20 YEARS 1998
Standing tall and showing no remorse, Jeremiah Daniel Gregory appeared in a St. Francois County courtroom to answer the question which would seal his fate forever. “How do you plead to the charge of murder in the first degree?” to which Gregory replied, “Guilty.” With that, Gregory, 19, would spend the remainder of his days in prison.
Gregory was arrested and charged with the murder of Joshua Chesley, whose body was discovered in a ditch along a county road between Park Hills and Bismarck on the evening of July 7, 1997.
They say dog is man’s best friend and William Gaffney is one of them. Gaffney believes his life was spared when his two dachshunds alerted him to an electrical fire which engulfed his trailer only moments after escaping with his canine companions.
30 YEARS 1988
Three Farmington kindergarten students and a bus driver escaped serious injury when the bus in which they were riding in ran off the shoulder of the road and overturned. The accident occurred on Highway H.
The three students – Kelly Underwood, Jennifer Wisdom and Carmen Wichman – were returning home from W.L. Johns Elementary School after morning classes.
Farmington City Council had new faces as well as returning ones. The new councilmen elected were Lindell Kennon and Gay Wilkinson. Returning to the council were Dan Combs, Walter Ellis and Bill Cleve.
The successful passage of the R-7 tax levy was the result of not only the Farmington voters, but also the work of the Blue Ribbon for Education Committee, whose all-out efforts to pass the levy raised the community’s awareness of the issue. Blue ribbons popped up on cars, houses, trees and street lamps. Cindy Danieley, chairman of the committee, stated that the committee was started by a small group of parents who were concerned that the gifted program at the elementary school would be eliminated if the tax levy did not pass.
40 YEARS 1978
Lisa Klemp, Lori Klemp, Beth Colson and Susan Ruble performed a lively tap dance entitled “Fool’s Gold” during the annual Knight Life Talent Show. The contest winners were chosen by audience ballots. The winners were Lisa Pingel, who sang three songs while accompanied by Barb Gegg on guitar. Second place went to Lance Evans and third place to Sally and Susan Hoehn .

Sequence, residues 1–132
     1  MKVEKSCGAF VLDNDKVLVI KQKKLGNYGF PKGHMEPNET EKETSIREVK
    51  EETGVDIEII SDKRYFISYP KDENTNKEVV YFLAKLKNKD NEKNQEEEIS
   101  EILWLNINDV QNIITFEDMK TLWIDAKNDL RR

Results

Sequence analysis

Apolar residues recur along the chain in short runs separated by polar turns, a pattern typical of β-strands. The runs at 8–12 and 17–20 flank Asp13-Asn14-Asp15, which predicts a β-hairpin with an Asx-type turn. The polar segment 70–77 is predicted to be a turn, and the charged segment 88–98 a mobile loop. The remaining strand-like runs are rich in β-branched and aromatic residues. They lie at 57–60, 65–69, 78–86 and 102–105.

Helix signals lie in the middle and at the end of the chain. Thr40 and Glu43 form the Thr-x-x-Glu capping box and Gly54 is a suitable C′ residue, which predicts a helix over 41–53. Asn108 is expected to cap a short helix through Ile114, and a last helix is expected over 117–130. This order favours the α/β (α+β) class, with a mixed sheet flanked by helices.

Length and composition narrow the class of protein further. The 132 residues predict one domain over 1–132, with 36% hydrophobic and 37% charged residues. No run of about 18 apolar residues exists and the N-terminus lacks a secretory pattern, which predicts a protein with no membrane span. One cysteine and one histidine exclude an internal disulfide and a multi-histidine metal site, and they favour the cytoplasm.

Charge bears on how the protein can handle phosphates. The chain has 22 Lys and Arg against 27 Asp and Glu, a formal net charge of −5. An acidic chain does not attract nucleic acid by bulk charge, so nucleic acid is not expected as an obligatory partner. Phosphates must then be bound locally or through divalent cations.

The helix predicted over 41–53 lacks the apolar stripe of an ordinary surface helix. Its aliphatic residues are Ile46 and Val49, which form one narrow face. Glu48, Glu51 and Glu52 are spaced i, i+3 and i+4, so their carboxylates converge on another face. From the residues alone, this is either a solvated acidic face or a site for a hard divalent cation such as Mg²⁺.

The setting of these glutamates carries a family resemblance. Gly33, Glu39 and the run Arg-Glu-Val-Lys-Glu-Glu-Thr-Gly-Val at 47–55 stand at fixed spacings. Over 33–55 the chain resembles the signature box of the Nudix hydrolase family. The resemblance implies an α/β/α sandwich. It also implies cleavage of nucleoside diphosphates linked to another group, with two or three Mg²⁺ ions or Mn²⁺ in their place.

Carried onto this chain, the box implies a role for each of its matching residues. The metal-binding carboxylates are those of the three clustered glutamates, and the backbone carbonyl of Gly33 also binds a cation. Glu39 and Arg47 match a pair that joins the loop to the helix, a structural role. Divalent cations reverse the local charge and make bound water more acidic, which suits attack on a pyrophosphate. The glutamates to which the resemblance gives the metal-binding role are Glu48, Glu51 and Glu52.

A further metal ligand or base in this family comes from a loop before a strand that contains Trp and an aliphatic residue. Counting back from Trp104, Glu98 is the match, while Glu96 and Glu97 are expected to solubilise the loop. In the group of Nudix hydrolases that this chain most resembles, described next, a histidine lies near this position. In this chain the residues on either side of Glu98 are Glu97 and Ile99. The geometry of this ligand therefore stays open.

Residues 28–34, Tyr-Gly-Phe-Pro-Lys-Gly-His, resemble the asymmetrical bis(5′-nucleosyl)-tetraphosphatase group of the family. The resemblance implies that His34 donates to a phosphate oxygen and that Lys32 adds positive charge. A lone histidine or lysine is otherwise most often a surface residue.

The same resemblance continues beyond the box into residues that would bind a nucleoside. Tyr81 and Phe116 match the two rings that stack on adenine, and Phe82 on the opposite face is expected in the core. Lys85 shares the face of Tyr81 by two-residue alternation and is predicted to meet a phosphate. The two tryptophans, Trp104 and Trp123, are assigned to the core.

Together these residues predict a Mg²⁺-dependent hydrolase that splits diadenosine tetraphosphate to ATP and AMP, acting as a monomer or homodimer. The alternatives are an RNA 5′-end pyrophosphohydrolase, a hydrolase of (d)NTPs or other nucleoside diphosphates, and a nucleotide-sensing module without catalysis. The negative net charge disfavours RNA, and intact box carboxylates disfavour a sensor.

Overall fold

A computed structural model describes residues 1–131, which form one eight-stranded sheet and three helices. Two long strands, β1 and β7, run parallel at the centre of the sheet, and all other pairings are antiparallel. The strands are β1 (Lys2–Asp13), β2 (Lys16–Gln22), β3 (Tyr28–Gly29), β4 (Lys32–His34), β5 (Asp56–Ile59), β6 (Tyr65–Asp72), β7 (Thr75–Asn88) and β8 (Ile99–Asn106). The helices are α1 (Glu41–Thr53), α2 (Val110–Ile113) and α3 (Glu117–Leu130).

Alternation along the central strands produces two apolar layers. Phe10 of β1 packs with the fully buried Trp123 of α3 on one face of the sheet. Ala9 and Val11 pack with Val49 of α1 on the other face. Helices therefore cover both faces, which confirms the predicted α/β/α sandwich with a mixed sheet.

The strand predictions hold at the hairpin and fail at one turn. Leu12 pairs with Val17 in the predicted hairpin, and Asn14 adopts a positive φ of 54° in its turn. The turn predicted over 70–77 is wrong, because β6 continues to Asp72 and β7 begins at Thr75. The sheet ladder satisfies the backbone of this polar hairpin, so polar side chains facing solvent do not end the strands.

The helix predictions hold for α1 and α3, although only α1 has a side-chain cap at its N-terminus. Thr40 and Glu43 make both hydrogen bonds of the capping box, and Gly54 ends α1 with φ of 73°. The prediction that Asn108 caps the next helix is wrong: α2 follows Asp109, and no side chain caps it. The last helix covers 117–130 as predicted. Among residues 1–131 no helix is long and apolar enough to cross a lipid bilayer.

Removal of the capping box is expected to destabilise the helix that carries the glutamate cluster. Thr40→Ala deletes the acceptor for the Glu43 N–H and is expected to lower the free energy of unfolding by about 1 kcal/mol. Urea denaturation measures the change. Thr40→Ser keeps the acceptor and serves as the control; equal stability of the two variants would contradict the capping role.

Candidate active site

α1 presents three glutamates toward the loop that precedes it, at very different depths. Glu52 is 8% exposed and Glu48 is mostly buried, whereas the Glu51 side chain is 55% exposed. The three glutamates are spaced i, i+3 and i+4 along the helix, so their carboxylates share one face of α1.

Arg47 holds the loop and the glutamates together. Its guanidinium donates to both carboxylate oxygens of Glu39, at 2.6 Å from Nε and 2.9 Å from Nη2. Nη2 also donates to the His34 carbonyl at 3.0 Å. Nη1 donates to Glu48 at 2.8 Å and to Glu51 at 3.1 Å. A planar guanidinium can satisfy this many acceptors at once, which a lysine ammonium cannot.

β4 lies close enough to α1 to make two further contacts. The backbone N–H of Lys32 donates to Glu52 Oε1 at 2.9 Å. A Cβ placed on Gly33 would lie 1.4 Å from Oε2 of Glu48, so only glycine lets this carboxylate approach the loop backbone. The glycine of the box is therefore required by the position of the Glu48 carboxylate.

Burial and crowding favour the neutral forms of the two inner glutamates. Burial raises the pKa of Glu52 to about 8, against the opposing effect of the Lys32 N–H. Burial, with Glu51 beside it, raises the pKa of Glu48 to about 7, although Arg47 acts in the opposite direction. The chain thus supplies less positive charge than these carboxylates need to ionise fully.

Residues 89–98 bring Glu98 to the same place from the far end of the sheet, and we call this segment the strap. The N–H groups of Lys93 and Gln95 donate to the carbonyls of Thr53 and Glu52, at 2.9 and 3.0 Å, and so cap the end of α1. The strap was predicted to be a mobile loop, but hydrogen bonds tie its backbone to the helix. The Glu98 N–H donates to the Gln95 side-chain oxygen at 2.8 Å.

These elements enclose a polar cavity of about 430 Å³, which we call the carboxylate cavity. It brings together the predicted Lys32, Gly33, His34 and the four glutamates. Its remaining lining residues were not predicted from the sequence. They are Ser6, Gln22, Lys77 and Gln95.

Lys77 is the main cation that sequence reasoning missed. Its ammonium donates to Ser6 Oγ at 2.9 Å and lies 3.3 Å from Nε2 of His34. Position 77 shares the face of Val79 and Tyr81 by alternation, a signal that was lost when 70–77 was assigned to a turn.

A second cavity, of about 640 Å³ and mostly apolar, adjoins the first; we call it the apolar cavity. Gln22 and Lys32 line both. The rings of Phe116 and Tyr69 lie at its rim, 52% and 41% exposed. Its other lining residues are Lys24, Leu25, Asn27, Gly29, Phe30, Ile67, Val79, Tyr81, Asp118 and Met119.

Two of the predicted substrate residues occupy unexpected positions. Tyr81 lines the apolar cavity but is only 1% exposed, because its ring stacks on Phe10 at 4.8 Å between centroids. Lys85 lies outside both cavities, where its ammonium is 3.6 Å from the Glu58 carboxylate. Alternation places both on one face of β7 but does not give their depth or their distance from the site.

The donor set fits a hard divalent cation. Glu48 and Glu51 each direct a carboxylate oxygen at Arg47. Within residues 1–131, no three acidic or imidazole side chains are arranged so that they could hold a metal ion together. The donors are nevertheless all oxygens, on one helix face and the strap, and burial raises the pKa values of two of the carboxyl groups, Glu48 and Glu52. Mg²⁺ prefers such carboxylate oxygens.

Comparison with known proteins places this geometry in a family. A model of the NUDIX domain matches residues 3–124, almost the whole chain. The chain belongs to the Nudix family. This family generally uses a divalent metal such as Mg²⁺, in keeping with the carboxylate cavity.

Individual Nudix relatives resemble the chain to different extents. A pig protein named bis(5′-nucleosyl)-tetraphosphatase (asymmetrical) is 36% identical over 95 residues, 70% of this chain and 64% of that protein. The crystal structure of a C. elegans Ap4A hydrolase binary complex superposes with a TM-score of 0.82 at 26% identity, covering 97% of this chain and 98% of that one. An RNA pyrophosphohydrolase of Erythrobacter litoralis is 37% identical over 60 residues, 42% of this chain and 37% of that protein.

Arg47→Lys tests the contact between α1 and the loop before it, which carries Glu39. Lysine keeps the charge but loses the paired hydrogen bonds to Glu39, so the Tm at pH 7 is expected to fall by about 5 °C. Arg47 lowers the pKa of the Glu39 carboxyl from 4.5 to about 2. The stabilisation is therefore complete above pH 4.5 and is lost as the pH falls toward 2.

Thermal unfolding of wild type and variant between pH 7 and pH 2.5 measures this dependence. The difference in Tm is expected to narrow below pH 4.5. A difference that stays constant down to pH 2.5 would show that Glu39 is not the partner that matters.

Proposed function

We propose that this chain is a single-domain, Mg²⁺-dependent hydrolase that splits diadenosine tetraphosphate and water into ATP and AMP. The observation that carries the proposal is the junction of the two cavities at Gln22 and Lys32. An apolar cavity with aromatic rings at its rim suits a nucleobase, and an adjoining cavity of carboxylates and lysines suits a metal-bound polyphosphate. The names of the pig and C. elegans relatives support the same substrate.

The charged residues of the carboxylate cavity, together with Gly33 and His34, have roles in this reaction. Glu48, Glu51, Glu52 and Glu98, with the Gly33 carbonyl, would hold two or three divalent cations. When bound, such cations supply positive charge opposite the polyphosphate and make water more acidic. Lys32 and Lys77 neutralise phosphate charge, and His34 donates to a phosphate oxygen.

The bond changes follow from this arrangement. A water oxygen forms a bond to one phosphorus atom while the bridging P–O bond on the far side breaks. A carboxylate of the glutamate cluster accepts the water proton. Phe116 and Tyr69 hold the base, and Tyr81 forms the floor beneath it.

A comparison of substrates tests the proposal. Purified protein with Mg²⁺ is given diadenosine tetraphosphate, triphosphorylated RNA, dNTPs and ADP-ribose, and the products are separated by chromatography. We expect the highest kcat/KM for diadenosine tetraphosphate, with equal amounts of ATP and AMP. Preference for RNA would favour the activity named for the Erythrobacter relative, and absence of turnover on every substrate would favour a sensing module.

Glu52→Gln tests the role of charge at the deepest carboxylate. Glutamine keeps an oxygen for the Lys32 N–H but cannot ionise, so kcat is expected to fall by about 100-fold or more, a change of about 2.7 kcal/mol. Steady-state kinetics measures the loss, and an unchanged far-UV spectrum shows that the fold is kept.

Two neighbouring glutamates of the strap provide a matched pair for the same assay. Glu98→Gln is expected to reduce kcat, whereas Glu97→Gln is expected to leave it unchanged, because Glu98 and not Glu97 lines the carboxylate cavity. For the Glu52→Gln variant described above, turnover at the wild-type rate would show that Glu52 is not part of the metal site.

Representatives from the PTA staged a humorous skit. The participants were Phil Tatum, Marshall James, Elma Jennings, Virginia Head, Carol Short and Dave Gillespie.
50 YEARS 1968
A barn at the home of Jack Gray located south of Farmington, was destroyed by fire along with contents, several horses and some machinery. The Farmington Fire Department responded to the alarm but, because of the high winds, was unable to save the building or its contents.
Edward B. Effrein of Effrein’s Shoe Store retired having been in the retail business from 1928 to 1968. In business with Effrein for many years was his brother, Tom. Both learned the retail shoe business in Farmington. The store’s slogan widely known throughout the community was, “We wish you were in our shoes.”
Third grade classes of the Washington Elementary School planted a flowering Kamzan or Japanese Cherry in the front of the school building. The tree was planted in commemoration of Arbor Day in Missouri. Last fall these three classes earned money to purchase the tree.
Two major road improvements in St. Francois and Ste. Genevieve counties were announced. Highway 32 from Farmington to Ste. Genevieve – a route of 25.5 miles – would be completely seal-coated with a 20-foot wide surface.
Supplementary system projects included 17 miles of Route W in St. Francois and Iron Counties. This route received a 22-foot wide bituminous mat leveling course from Route 21 northeast to Farmington.
60 YEARS 1958
The seniors of Farmington High School – 75 in number – left on an extended 10-day trip through the east. They were accompanied on their tour by Berl J. Miller, president of the Board of Education and Mrs. Miller. Several faculty sponsors were also going on the trip.
The trip took the seniors by way of Lexington, Kentucky through Natural Bridge, Virginia and on to Washington, D.C.
An incident occurred when Ed Mayscott from St. Louis was bringing a plane in to be re-licensed when the wheels bogged down in the mud. The plane went up on its nose and Mr. Mayscott climbed out. A few minutes later a gust of wind caught the tail and flipped it over on its back. The plane had minor damage.